What is Copy Editing… and Do You Need It?
Everybody makes mistakes, especially during the white-hot process of blazing through your latest passion project. No matter what, employ a copy editor. This is the most important quality assurance step before publication. I’ve been copy editing text of various forms for almost twenty years, and there are always mistakes. No one can avoid them. Skipping this process is the quickest and easiest way to mark yourself as an amateur.
Cost of Copy Edit
Less than 5k words – $0.05 per word
6k-25k word manuscript – $0.045 per word
26k-69k word manuscript – $0.04 per word
70k+ word manuscript – $0.035 per word
5k – 25k words = 1 week
3k – 65k words = 2-3 weeks
70k – 100k words = 3-4 weeks
110k+ words = 4-5 weeks
How is copy editing different from line editing?
Here’s how Grammarly.com describes copy editing:
“The tasks involved in copy editing include checking written material for grammar, spelling, style, and punctuation issues before it’s prepared for proofreading. A copy editor may also do a rewrite, if necessary, to fix any problems with transitions, wordiness, jargon, and to ensure the style of the piece fits with the publication. This work is known as revision.”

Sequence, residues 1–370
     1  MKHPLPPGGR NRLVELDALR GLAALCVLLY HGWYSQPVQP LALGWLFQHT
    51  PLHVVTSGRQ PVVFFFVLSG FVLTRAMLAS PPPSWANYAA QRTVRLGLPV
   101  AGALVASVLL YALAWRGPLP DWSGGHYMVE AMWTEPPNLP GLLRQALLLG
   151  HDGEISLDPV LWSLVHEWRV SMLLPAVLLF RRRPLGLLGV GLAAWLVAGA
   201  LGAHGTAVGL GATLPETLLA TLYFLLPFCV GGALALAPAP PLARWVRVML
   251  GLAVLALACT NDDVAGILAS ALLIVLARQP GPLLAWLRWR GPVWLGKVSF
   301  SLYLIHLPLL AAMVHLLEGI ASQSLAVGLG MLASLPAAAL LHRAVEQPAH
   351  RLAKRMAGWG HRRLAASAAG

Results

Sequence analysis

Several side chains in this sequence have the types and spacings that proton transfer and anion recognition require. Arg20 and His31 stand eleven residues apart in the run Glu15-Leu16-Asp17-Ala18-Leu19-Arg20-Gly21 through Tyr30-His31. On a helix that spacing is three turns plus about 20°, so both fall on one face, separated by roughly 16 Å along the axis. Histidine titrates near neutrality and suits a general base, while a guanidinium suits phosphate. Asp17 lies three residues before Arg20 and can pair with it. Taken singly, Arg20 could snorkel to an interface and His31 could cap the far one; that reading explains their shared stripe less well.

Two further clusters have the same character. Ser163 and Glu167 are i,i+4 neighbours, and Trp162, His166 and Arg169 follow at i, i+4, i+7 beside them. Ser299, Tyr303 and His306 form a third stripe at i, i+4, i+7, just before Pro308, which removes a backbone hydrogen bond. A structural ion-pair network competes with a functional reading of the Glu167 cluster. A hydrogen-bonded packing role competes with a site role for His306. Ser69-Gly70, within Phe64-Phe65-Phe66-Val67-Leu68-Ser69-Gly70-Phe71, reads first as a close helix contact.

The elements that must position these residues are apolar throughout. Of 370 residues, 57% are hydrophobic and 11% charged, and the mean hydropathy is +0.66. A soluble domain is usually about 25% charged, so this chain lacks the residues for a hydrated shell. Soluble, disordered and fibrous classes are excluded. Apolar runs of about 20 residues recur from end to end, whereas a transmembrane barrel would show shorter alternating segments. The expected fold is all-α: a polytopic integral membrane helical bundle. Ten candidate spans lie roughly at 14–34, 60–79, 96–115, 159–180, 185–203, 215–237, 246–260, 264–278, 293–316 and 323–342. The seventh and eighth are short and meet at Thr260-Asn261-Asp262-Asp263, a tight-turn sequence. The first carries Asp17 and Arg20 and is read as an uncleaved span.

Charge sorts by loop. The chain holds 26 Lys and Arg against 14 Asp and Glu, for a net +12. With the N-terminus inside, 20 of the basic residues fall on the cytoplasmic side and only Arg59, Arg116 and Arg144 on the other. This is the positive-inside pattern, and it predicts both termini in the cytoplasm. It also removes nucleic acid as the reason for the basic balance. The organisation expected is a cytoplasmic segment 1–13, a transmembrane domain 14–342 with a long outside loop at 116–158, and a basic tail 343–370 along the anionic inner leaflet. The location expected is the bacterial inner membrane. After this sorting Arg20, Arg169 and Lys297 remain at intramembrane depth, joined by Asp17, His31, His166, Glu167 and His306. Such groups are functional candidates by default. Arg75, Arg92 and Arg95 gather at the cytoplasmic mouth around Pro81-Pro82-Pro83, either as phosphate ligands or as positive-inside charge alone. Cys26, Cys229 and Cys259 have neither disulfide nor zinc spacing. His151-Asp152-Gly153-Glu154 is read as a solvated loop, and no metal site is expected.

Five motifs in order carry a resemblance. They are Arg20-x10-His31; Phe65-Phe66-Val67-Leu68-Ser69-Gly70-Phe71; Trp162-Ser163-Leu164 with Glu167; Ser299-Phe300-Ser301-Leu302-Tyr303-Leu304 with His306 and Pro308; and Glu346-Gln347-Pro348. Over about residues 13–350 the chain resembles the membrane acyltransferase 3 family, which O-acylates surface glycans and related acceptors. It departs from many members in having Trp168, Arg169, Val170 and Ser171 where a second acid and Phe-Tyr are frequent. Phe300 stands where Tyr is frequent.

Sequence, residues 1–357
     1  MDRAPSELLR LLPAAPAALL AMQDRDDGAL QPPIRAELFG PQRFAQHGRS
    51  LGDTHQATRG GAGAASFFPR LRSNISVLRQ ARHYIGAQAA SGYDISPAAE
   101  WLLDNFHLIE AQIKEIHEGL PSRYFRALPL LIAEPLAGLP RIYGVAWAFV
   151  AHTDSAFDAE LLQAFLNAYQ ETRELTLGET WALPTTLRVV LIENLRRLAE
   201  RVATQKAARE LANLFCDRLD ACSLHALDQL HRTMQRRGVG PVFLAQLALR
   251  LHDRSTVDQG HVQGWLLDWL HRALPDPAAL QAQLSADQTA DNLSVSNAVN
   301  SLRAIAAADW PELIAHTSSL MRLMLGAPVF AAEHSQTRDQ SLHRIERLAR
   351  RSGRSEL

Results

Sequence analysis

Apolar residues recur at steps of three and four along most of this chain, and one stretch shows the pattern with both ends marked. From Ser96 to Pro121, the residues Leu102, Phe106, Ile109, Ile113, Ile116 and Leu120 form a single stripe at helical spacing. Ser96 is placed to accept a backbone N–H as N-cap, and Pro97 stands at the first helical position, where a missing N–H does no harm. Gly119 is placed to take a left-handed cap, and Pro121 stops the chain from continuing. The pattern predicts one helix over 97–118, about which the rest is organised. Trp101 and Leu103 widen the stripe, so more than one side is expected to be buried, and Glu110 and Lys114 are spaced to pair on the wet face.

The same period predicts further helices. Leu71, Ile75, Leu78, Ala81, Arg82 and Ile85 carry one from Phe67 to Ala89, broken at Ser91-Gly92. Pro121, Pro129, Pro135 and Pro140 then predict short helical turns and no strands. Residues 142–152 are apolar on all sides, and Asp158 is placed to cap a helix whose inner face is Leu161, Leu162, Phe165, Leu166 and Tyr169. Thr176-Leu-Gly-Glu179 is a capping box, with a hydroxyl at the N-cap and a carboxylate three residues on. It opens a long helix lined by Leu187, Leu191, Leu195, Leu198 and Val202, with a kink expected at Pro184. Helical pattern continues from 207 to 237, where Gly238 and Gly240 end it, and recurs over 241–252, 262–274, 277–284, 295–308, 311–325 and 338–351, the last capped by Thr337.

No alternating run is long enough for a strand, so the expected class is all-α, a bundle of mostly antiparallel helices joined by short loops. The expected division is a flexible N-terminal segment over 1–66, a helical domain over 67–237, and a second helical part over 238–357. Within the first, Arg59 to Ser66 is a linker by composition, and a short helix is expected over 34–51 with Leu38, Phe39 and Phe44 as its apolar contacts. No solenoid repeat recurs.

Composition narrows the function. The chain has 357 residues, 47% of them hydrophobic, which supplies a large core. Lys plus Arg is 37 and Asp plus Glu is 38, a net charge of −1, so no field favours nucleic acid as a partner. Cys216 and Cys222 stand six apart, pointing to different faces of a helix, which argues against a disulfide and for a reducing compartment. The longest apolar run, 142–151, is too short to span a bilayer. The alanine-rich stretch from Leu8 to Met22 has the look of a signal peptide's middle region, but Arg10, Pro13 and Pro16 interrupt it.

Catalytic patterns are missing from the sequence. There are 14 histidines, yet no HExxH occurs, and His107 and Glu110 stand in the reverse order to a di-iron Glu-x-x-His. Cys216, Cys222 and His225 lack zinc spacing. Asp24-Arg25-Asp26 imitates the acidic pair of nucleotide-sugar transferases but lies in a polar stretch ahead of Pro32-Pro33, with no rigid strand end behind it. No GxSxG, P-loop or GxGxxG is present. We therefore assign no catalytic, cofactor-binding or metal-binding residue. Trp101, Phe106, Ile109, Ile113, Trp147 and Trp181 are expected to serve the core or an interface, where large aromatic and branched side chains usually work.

In the course of a copy edit, I pick out typos, punctuation errors, grammatical mistakes, descriptive inconsistencies and other errors. I may also line edit in certain areas that contain flagrant weaknesses, though line editing will not be the focus of a copy editing project.
Here’s how Masterclass.com describes line editing:
“More art than science, line editing ensures that the sentences in a book or article are as effective as they can be. A line editor is attentive to the writer’s individual style (for that reason, the job is sometimes called stylistic editing) and approaches the manuscript as a careful reader.”
“A line editor works line-by-line, tightening up sentence structure so the language is sharp and clear. They look closely at how a writer’s word choice and syntax contributes to the tone or emotion of a piece of writing. Finally, a line editor is concerned with the overall pacing and logical flow of a piece.
Big difference, though both are very important toward maintaining quality throughout your manuscript. I would recommend a line edit first to upgrade the literary quality of your sentences and finesse your book’s prose style, then follow up with a copy edit to make sure everything is squeaky clean.